Whereas, the examples illustrated above will produce non-uniform burled wood color effects on solid surface materials which could be cast into a fixed shape or a open stationary slab mold with fixed dimension of length and width, it is also desirable to manufacture the above referenced material on a continuous casting belt arrangement where the material is continuously poured onto belt for mass production. The poured material is preferably allowed to cure on the belt in a continuous process. For such, different resins may be used for their physical properties which may be more conducive to a quicker pour for covering said belt as it moves at fixed rates. It is therefore contemplated that resins other than isophthalic polyester resin may be used where the polyester formulations as in the above examples may not have a proper viscosity to achieve the desired results on a continuous belt system.

In order to facilitate casting on a continuous pouring line, matrix viscosity may have to be reduced to allow quick flow and spread of the material on the moving belt. Reducing the viscosity of the casting will greatly affect the burling effect in the cast product and therefore requires a modified formulation.

Example 4

In another preferred embodiment of the invention, synthetic solid surfaces with a simulated burled wood finish resembling a pecan, maple or the like wood finish are generally produced by making a matrix of polyester casting resin of 1750 to 1800 CPS of about 42 to 48%, ATH filler such as but not limited to SOLUM O.E. 255 of about 47 to 53%, pearlescent copper pigment of about 3%, pearlescent gold pigment of about 1%, and air release of approximately 1%.

The burling effect material in this preferred embodiment uses one color for the burled effect being black with a volume per total weight of matrix of approximately 10% plus black iron oxide pigment 5 to 6% of burling effect material weight. It is also contemplated the black burling effect material could be 5 to 7% volume per total matrix weight with added black iron oxide pigment of about 5 to 6%.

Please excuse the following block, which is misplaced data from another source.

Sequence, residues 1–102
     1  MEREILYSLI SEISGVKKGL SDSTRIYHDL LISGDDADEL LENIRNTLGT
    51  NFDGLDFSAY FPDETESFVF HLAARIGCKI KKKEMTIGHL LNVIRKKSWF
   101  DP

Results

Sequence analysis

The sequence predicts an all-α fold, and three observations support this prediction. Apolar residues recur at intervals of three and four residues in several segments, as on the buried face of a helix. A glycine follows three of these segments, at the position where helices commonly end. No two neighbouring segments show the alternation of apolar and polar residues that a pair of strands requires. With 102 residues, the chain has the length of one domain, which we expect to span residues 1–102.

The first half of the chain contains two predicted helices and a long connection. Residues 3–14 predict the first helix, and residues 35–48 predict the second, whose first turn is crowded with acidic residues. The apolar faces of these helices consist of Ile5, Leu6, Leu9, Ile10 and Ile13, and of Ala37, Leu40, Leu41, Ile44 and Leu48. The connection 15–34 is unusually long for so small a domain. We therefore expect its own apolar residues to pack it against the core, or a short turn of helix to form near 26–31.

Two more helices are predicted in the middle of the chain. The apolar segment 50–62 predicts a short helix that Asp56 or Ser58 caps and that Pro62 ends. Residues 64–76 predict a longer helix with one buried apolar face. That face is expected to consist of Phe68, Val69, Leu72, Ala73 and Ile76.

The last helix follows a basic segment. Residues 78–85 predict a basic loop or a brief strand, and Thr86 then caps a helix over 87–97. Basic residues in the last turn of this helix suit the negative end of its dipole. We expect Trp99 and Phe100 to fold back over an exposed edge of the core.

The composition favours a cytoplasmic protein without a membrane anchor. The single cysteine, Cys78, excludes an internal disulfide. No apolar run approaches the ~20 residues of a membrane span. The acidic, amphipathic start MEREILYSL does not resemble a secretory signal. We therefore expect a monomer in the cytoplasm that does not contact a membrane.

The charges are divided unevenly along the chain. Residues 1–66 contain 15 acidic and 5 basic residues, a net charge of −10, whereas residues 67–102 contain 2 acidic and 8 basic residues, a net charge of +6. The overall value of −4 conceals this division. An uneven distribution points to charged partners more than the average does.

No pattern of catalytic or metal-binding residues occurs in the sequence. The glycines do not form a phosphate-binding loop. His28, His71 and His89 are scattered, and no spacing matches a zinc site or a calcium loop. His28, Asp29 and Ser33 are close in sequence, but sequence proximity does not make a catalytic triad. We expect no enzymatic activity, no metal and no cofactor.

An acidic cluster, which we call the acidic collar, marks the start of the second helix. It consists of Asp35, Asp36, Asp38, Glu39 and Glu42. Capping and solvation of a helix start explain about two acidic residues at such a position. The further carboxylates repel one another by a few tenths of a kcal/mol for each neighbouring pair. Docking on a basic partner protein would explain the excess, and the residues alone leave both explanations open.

It may be necessary to alter the viscosity of the burling material to compliment the various matrix viscosities. It is contemplated that the use of ATH of about 2 to 10% will increase the specific gravity and the use of styrene of about 1 to 5% will decrease the specific gravity. A lower viscosity matrix will require a little thicker burling material, whereas a thicker cast matrix will use a thinner burling material to produce a similar burled effect.

Example 5

In another preferred embodiment of the invention, synthetic solid surfaces with a simulated burled wood finish resembling cherry wood or the like finish is generally produced by the following polyester formulation for a continuous pouring belt system. It is also contemplated that other non-natural and stone appearance could be made with said formulation for a continuous pour application.

Making a matrix with about 50% polyester casting resin such as but not limited to 1700 to 1800 CPS, about 38% ATH filler such as but not limited to SOLUM #431, about 3% pearlescent copper pigment such as but not limited to SUPER COPPER sold by MEARLIN, about 1% pearlescent gold pigment such as but not limited to INCA GOLD sold by MEARLIN, about ½% red oxide pigment, about 5 to 8% styrene, about 1% air release such as but not Limited to BERGER #340, and about ¼% wetting agent, such as but not limited to BERGAWET 3000.